Jeremiah Horrocks and the Transit of Venus
The first European scientific observation of a transit of Venus was made by Jeremiah Horrocks from his home in Much Hoole, near Preston in England, on 4 December 1639 (24 November under the Julian calendar then in use in England). His friend, William Crabtree, also observed this transit from Salford, near Manchester. Kepler had predicted transits in 1631 and 1761 and a near miss in 1639. Horrocks corrected Kepler's calculation for the orbit of Venus and realized that transits of Venus would occur in pairs 8 years apart, and so predicted the transit in 1639. Although he was uncertain of the exact time, he calculated that the transit was to begin at approximately 3:00 pm. Horrocks focused the image of the Sun through a simple telescope onto a piece of card, where the image could be safely observed. After observing for most of the day, he was lucky to see the transit as clouds obscuring the Sun cleared at about 3:15 pm, just half an hour before sunset. Horrocks' observations allowed him to make a well-informed guess as to the size of Venus, as well as to make an estimate of the distance between the Earth and the Sun. He estimated the distance of the Sun from the Earth at 59.4 million miles (95.6 Gm, 0.639 AU) – about two thirds the correct size of 93 million miles (149.6 million km), but a more accurate figure than any suggested up to that time. However, Horrocks' observations were not published until 1661, well after his death.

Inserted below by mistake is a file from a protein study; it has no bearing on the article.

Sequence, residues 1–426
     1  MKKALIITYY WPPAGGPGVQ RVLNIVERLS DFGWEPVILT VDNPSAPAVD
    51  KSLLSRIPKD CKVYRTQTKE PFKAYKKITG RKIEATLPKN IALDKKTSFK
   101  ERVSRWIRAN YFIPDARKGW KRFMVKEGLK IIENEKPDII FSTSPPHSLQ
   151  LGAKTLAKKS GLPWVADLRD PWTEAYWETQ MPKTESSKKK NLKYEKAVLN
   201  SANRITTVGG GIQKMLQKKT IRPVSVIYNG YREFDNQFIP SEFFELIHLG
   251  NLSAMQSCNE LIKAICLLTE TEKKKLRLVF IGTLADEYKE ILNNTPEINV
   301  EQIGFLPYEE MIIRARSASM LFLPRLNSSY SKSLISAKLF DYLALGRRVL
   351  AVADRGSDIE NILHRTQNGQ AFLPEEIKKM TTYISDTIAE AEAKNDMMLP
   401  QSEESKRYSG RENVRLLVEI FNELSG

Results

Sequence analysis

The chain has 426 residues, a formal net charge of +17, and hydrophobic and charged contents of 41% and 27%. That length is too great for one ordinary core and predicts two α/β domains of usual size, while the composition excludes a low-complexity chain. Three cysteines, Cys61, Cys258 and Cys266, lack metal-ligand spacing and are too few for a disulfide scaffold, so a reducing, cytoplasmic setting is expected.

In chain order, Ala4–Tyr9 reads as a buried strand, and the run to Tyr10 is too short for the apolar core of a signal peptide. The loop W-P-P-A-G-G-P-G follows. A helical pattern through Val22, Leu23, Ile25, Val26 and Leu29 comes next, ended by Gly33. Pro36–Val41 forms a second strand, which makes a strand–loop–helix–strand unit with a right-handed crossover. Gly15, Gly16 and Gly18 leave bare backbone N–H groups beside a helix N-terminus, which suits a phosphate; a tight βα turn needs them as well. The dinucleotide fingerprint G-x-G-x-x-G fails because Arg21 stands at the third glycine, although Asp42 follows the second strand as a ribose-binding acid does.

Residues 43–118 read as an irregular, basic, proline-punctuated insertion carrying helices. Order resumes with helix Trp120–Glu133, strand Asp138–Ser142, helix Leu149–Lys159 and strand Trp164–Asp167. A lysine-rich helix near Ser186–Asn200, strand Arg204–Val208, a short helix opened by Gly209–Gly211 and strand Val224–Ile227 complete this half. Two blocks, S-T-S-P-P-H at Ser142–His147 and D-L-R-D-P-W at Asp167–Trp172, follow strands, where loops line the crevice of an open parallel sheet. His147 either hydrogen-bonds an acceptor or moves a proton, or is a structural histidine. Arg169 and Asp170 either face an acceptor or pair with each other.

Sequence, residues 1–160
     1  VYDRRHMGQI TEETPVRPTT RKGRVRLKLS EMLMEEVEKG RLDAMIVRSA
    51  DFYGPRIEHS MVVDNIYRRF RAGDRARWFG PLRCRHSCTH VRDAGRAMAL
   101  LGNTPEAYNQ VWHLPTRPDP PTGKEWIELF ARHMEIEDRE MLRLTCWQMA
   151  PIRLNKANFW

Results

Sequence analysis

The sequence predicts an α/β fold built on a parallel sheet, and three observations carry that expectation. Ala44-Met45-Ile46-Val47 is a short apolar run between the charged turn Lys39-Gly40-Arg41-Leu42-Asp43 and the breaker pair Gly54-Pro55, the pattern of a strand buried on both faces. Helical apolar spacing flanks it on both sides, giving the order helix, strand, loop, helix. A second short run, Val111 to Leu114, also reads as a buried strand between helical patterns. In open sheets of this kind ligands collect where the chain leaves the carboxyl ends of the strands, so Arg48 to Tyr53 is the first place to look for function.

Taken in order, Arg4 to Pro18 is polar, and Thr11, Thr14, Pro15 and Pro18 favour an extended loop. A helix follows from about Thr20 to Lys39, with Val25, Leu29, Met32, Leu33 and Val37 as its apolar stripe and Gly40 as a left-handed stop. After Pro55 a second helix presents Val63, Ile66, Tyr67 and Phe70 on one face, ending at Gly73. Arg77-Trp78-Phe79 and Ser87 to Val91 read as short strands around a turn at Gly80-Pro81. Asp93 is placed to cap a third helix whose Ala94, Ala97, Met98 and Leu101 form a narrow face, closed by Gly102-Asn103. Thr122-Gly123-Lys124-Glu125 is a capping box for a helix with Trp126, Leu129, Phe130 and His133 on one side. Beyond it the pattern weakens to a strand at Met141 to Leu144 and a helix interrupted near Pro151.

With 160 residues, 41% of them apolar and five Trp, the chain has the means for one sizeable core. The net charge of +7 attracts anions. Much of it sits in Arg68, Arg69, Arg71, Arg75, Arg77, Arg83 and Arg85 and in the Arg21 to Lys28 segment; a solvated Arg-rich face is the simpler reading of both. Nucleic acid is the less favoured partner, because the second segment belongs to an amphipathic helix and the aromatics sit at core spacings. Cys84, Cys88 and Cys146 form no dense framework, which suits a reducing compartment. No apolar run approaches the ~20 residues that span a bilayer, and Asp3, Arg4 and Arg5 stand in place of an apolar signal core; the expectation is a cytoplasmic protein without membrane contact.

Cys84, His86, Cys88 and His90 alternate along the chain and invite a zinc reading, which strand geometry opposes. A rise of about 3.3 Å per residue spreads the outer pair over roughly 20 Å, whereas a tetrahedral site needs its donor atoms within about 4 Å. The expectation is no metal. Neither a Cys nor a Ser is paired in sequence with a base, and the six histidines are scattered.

On the basis of his observation of the transit of Venus of 1761 from the Petersburg Observatory, Mikhail Lomonosov predicted the existence of an atmosphere on Venus. Lomonosov detected the refraction of solar rays while observing the transit and inferred that only refraction through an atmosphere could explain the appearance of a light ring around the part of Venus that had not yet come into contact with the Sun's disk during the initial phase of transit.
Photograph supplied by and © of Brian Young